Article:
Ken Salazar To Leave Interior Department

Widely reported overnight, as confirmed by the Washington Post:

Salazar, a former Colorado senator whose family is of Hispanic descent, has served at Interior for President Obama’s entire first term.

His exit means that Obama’s cabinet, which has already come under some fire for lacking diversity in its recent nominees, will lose a little bit more diversity – at least temporarily.

Another Latino cabinet member, Labor Secretary Hilda Solis, resigned last week, and two other top women – Secretary of State Hillary Clinton and Environmental Protection Agency head Lisa Jackson – are both on their way out.

It’s not clear who will be chosen to succeed Salazar. Interior secretaries generally come from west of the Mississippi River. Former Washington governor Chris Gregoire (D), former congressman Norm Dicks (D-Wash), and former North Dakota senator Byron Dorgan (D) have all been mentioned as potential appointees, as have former Wyoming Gov. Dave Freudenthal (D) and Deputy Interior Secretary David Hayes.

We’ve often wondered about other choices Ken Salazar might have made after 2008, and how that might have affected both his own career and Colorado politics had he chosen differently. We’ve heard that Secretary Salazar was often frustrated in his position, and wasn’t able to enact many of the reforms he envisioned when he took the job. That being the case, in hindsight, would Salazar be better off if he had remained a U.S. Senator? And where does four years at Interior leave Salazar in terms of his future political ambitions?

No doubt Sen. Michael Bennet thinks it all worked out just fine, but we’re curious if you agree. And either way, it would come as a great surprise to many politicos in Colorado if we have seen the last of Salazar in public office.

13 Community Comments, Facebook Comments

  1. BlueCat says:

    Salazar claims it’s been the best cabinet post, the one he’d choose above all others, in spite of some serious frustration. The list of his accomplishments is long, in spite of criticism he’s taken.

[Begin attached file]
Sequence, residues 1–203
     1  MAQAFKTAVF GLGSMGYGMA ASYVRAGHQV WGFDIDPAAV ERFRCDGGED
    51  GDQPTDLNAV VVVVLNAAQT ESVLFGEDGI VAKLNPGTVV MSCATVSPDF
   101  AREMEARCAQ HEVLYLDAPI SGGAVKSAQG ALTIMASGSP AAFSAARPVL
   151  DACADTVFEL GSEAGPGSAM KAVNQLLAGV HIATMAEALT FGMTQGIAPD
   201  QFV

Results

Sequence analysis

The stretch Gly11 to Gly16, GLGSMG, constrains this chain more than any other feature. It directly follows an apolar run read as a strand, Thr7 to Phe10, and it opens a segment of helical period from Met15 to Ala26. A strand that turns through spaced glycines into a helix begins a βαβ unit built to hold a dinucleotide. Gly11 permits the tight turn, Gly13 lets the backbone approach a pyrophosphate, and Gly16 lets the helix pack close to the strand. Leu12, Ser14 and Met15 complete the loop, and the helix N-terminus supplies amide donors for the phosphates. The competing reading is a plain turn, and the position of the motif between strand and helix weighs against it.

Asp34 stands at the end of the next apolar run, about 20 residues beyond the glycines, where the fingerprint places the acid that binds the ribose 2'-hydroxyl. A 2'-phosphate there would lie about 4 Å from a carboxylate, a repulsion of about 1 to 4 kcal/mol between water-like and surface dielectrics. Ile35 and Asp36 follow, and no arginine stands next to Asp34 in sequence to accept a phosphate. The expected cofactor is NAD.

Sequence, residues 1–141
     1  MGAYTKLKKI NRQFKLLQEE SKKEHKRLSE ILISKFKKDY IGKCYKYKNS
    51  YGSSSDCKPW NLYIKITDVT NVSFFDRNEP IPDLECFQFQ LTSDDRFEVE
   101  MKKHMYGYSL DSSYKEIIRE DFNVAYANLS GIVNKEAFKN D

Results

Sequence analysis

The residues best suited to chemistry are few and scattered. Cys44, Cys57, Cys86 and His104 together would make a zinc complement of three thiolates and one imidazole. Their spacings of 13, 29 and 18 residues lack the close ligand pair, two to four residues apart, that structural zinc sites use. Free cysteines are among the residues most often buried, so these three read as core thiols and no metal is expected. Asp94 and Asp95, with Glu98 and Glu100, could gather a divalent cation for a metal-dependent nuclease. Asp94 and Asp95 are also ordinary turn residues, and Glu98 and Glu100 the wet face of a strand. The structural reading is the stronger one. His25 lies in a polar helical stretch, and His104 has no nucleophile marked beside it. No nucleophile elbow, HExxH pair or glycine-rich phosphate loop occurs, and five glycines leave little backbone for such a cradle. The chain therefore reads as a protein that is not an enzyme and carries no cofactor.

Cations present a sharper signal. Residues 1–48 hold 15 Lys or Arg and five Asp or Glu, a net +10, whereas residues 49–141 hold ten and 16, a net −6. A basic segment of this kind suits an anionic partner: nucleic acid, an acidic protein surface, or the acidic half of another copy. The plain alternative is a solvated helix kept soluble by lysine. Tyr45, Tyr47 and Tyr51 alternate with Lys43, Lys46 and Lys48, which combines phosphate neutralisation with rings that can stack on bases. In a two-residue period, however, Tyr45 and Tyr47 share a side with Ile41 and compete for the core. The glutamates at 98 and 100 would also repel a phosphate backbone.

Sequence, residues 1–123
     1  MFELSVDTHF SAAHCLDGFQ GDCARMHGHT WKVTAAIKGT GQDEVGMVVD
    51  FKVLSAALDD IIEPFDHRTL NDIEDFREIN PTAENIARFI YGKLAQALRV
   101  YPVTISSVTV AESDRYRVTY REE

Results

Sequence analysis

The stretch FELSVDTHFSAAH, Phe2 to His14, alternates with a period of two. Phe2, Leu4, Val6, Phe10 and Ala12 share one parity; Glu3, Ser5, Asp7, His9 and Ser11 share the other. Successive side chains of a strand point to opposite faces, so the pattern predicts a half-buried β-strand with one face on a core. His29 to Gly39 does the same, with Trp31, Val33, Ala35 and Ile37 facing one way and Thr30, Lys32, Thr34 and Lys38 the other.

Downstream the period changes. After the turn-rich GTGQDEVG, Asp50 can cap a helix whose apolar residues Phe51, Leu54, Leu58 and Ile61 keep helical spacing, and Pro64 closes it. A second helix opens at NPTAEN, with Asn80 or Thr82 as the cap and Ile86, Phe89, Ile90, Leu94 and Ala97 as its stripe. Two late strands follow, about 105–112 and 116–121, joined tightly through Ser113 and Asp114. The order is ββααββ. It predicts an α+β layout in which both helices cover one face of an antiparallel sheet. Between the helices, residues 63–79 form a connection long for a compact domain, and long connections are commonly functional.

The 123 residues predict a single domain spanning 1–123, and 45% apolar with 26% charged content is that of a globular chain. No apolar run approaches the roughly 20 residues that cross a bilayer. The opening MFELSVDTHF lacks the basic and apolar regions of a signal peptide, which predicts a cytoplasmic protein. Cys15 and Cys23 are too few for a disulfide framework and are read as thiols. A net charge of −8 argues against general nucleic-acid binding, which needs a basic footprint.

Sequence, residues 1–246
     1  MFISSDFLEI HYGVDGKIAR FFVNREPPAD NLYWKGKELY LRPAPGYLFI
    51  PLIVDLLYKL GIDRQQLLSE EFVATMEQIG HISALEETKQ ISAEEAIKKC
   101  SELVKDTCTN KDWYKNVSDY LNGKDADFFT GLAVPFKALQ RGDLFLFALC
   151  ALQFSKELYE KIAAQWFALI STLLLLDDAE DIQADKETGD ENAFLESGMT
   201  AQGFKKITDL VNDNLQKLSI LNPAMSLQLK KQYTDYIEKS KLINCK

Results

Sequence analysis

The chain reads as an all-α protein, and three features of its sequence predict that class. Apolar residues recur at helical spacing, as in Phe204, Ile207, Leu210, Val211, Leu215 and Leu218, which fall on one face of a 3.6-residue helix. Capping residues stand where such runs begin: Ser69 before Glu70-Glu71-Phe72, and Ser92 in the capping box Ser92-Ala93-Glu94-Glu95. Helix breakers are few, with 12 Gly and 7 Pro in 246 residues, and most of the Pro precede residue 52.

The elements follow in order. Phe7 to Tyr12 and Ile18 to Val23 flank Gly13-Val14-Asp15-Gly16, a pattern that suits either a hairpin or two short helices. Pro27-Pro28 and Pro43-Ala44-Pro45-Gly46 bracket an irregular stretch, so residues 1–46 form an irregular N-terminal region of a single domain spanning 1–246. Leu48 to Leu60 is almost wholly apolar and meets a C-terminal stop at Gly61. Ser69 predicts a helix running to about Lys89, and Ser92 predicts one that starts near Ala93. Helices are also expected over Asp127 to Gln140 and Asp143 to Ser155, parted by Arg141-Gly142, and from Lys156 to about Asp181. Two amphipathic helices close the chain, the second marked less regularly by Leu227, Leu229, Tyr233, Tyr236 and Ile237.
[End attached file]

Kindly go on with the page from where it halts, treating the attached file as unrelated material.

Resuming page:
Whether he regrets the way it prevented him from going for Governor, a position he would have had no trouble winning, is a question only he can answer and probably won’t.

    The article mentions the fact that he and his wife are primary caregivers for a  five year old autistic grandchild. Salazar will no doubt have all kinds of opportunities right here at home and much more attractive than DQ. He’s not too old to regroup and come back for more in politics at a later date.

    Note to Obama.  Don’t even think about a white male for a replacement. In fact, don’t think about a male.  It would be very hard to believe that there aren’t any women qualified for this post.

  2. Gilpin Guy says:

    that Hickenlooper is as uninterested in running for a second term as he is in being a Democratic governor.

    • BlueCat says:

      Especially since the last thing Obama needs is another white guy for an important cabinet post.

      • Gilpin Guy says:

        I don’t want Hickenlooper to be bumped up to a cabinet post.  I want him to go back to the private sector and return to being a beer baron which seems to be his niche in life.

        Hickenlooper should follow Ritter’s lead than it would open the door for Salazar to run for Governor in 2014.

        • BlueCat says:

          what you wanted, GG.  Just can’t think of any other reason Hick would want to give up being Guv.  

          • Gilpin Guy says:

            for the Fracking industry?  Money! Money! Money!  Throw a ton of money at him to step away from something that he has shown to have as much initiative and innovative thinking as the Bronco offensive coordinator on 3rd and short.

            I know I’m just wishing but as a mountain boy who is already freaked out about the snow pack this winter, it would be a big plus for our state if we had someone proven leadership skills who understood natural resources and already had extensive networking with Interior managers already in place at the national level and could work with a Democratic legislature to enact natural resource policies that he couldn’t do at the national level.

            How cool would it be if the 1st Hispanic governor in the history of the state of Colorado was the one who knew how develop statewide resource management programs that could deal directly with the problem of climate change and sustainable human development?  Or we could elect Hickenlooper again or some fucking dreg from the Republican Party who are going to drink the Kool-Ade from the Oil & Gas Industry.  Unfortunately I already know how this is going to play out.  Bummer!

  3. harrydobyharrydoby says:

    The job is opening up, and he does have experience.  Then if he still wants to be Governor after Hick, he’d be perfectly positioned.

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